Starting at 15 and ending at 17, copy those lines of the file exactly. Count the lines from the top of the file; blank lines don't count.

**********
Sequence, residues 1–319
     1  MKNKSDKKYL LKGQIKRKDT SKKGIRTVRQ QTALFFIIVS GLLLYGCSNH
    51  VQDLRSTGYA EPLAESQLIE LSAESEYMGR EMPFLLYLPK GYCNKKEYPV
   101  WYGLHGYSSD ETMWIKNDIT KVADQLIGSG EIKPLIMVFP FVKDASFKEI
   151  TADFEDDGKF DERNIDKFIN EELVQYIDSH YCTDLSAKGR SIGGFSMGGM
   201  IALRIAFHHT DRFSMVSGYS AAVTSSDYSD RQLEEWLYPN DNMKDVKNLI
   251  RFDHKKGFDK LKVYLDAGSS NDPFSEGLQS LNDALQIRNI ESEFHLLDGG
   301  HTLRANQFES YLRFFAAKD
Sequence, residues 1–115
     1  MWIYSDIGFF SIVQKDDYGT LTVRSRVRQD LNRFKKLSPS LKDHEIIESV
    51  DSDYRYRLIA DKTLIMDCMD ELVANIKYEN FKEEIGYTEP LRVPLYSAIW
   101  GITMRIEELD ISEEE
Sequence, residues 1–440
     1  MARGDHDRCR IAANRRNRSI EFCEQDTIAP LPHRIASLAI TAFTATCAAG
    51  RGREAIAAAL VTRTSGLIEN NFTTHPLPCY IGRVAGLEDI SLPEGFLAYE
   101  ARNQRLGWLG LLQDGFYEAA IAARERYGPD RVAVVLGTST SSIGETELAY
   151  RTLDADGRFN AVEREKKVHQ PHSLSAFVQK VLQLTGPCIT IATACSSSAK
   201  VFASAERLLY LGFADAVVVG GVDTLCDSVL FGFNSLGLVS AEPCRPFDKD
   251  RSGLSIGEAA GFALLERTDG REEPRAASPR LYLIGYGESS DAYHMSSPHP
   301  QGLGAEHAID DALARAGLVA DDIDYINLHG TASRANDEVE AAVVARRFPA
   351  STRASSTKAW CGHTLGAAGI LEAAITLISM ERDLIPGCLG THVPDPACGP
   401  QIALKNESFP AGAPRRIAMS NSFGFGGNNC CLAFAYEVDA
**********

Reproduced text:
    51  RGREAIAAAL VTRTSGLIEN NFTTHPLPCY IGRVAGLEDI SLPEGFLAYE
   101  ARNQRLGWLG LLQDGFYEAA IAARERYGPD RVAVVLGTST SSIGETELAY
   151  RTLDADGRFN AVEREKKVHQ PHSLSAFVQK VLQLTGPCIT IATACSSSAK